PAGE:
UK Chancellor Gordon Brown outlined his plans on Tuesday to introduce a long-term strategy for supporting science in Britain over the coming decade.
The treasury will review funding needs and policy priorities
Mr Brown issued proposals to assess funding needs ahead of this summer's spending review, with a 10-year investment plan as a central priority.
"The Britain that succeeds in the new world will be a leader in science, skills and enterprise," he said.
Researchers hope the review will lead to a major increase in funding.
The government says it wants to make Britain one of the most competitive locations in the world for science, research, development and innovation.
The planned review, which was outlined at a Downing Street meeting with leading scientists, will encompass an assessment of funding needs and policy priorities.
"We have to make it a priority as a nation to invest in what is the key to our whole economic future and well-being - our science and skills," Mr Brown said.
Trade and Industry Secretary Patricia Hewitt added: "We still need to get science out of the labs, into our companies and on to the balance sheet."
The Royal Society, the UK's academy of sciences, broadly welcomed the move, but said it would only succeed if other measures were met.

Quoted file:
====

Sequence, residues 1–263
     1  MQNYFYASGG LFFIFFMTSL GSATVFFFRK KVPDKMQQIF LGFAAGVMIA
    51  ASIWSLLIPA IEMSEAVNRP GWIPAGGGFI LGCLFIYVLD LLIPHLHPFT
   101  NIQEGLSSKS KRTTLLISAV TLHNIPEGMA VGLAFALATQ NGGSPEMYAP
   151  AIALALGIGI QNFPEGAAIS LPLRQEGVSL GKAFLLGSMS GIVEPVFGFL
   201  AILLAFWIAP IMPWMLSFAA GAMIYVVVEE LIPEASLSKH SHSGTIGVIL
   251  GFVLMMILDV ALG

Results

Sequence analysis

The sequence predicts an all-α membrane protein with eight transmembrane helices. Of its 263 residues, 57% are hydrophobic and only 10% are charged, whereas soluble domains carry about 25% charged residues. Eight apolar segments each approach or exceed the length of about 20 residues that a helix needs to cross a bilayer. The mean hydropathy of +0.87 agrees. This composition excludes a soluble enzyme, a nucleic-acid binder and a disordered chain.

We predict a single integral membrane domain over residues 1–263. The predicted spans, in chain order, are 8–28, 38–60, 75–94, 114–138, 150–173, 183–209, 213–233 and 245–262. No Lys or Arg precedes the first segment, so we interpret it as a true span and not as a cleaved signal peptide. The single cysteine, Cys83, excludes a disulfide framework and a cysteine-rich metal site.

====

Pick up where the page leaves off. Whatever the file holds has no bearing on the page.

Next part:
"The scientific community will continue to provide the proof that this investment benefits the nation," said Lord May of Oxford, president of the Royal Society.
"But this can only be achieved if our universities are well-funded, industry invests more in research, and our researchers are allowed to push back the frontiers of knowledge unencumbered by excessive red tape and bureaucracy."
Dr Peter Cotgreave, director of pressure group Save British Science, said the plan was a positive development.
"Getting four cabinet ministers and the science minister in the same room to talk about something doesn't happen very often and I think this is a sign they think it's important," Dr Cotgreave told BBC News Online.
"But there are no numbers on this and we won't know those until July. So one has to have a caveat that it has to be real money and it has to go into the science base, not just things ministers can interfere in," he added.
Also at the meeting were science minister Lord Sainsbury, chief scientific adviser to the government Sir David King, and Education Secretary Charles Clarke.
"What the universities need to do is make commercialisation of their inventions attractive [to academics]," said David Tubby, partner at law firm Marks and Clerk, which specialises in patents and trade marks.
"If university researchers are more commercially aware, that benefits them, it benefits the university and even the country as a whole."
Science and engineering is currently earmarked for £3bn of investment in 2005-6 through the Office of Science and Technology.